Case BriefsHigh Courts

Gujarat High Court: A.S. Supehia, J., quashed a rape case against a boy which was filed by his minor wife.

The FIR mentioned that the prosecutrix was married to the petitioner- accused on 07-02-2015 at the age of 11 years and that she was forced to maintain the physical relationship by her husband against her wishes after 2016 when she was taken to her in-law’s house. During the pendency of the petition, an affidavit was filed by the complainant, stating that the dispute had been amicably resolved between the families and she does not want to further pursue the criminal prosecution and counsel for both respective parties have submitted that in the respective communities of both the boy and the girl, the custom of child marriage was still prevailing and hence, the prosecutrix and the petitioner were married by their parents when they were minors.

The Court after perusing the records after the completion of investigation observed that it was an established fact that the parents had solemnized the marriage of the accused and prosecutrix when they were minor and the proceedings under the Prohibition of Child Marriage Act, 2006 have also been initiated. Further, the Court was not detrimental or adverse to the settlement arrived at between the families, stating that the reckless and irresponsible demeanor of the parents of both the boy and the girl cannot be ignored. The Court further stated,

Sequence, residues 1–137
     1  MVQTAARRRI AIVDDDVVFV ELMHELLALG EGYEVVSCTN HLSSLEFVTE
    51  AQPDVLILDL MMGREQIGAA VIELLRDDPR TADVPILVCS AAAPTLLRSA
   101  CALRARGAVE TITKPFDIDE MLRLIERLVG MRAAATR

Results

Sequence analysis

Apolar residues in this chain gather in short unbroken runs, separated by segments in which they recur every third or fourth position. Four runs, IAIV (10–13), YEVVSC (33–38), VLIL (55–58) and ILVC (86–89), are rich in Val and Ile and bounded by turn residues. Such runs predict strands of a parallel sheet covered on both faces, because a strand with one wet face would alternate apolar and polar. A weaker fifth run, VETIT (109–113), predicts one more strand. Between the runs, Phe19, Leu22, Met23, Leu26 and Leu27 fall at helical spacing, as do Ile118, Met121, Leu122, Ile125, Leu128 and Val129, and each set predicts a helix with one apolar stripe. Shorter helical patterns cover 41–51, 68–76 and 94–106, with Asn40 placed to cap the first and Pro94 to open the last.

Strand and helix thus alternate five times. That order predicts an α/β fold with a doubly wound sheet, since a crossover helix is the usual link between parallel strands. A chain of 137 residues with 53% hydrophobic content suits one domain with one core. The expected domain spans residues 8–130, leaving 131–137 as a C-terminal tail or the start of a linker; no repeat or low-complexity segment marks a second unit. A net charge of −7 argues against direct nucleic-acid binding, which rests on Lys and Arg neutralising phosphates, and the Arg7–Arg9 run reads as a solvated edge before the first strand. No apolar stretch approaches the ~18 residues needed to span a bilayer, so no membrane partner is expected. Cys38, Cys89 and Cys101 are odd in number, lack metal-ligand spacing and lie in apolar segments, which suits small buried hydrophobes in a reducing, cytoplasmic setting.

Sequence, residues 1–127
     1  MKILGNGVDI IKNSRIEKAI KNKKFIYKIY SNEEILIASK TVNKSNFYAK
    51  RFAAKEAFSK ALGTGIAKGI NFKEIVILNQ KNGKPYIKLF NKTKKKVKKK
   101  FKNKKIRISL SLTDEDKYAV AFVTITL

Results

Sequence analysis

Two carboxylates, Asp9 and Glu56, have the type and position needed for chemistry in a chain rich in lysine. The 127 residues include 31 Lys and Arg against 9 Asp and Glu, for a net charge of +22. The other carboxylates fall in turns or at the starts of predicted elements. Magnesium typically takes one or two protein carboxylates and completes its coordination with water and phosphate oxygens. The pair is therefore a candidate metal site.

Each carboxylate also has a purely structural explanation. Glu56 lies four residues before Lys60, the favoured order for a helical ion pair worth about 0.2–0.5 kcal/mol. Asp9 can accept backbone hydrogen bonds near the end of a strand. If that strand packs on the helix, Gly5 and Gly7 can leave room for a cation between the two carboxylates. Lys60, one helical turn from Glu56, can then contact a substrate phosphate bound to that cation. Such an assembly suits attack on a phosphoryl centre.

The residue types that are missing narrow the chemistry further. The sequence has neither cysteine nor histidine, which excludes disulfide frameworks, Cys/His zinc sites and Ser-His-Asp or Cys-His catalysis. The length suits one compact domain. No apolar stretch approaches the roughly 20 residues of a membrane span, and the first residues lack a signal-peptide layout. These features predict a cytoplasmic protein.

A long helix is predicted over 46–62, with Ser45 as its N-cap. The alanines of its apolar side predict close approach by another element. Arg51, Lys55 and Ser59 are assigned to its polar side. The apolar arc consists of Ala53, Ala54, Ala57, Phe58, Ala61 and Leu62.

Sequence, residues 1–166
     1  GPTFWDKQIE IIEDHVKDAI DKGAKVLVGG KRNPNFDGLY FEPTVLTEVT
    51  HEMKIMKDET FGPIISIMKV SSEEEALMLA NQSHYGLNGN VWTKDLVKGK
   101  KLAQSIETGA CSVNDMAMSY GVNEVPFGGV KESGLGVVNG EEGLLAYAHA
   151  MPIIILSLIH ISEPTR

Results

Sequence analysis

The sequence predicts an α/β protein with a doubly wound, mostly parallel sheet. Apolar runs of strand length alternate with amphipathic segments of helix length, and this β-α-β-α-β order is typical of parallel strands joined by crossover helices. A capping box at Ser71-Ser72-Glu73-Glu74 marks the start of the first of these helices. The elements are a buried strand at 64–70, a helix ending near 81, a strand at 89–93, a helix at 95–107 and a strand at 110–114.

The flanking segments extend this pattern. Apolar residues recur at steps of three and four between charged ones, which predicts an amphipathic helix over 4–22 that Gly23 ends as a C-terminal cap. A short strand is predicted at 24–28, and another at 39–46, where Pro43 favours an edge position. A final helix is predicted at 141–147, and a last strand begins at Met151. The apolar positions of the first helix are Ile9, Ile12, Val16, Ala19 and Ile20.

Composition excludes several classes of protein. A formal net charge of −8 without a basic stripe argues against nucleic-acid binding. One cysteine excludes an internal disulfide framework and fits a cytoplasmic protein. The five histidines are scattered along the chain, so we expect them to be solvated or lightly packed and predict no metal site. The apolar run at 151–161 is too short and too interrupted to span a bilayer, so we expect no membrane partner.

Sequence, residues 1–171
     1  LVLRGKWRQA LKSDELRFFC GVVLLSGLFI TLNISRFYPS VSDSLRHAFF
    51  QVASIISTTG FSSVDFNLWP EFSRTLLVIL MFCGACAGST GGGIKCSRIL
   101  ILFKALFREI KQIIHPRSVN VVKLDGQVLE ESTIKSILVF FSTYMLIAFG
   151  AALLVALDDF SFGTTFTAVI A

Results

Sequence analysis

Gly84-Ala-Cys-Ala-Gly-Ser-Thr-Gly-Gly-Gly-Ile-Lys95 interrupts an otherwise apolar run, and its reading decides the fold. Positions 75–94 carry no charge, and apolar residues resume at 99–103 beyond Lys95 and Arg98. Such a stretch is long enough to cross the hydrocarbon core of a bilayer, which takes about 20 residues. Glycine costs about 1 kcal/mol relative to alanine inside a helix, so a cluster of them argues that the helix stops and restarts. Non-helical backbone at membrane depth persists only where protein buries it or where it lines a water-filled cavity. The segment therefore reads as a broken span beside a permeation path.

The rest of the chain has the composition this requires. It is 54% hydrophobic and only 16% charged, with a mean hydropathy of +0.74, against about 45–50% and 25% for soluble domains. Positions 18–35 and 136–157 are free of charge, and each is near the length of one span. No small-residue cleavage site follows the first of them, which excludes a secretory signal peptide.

The parents of the prosecutrix were well aware of all the consequences of getting her married at the age of eleven. Uniformly, the parents of the petitioner are also responsible. Both the parents have imprisoned the minors in marriage and forced them to develop relationship of husband and wife which is a gross violation of their human rights. They are forced by the parents to face the rigors of married life at the tender age despite their being a prohibition under the law. Thus, the genesis of the impugned FIR lies in the child marriage arraigned by the respective parents.

The Court opined that the criminal machinery alleging such serious offences under Penal Code, 1860 and POCSO cannot be allowed to be misused and the parents of such children who resort such tactics cannot be let-off easily without fastening any accountability.

The Court while quashing the FIR against the boy imposed cost on the families of the prosecutrix and the petitioner holding them responsible for ruining their childhood by dragging them in such a disreputable controversy. The Court quoted from the judgment of the Supreme Court in Aarushi Dhasmana v. Union of India, (2013) 9 SCC 475 where K.S.P. Radhakrishnan, J., had observed,

            “Law of this land has always recognised the rights of parents with their wards/minors and first and foremost consideration of the Court is “welfare of the children”, which overrides the views or opinions of the parents.”[Applicant v. State of Gujarat, R/Criminal Misc. Application No. 12832 of 2020, decided on 20-10-2020]

Suchita Shukla, Editorial Assistant has put this story together

Case BriefsSupreme Court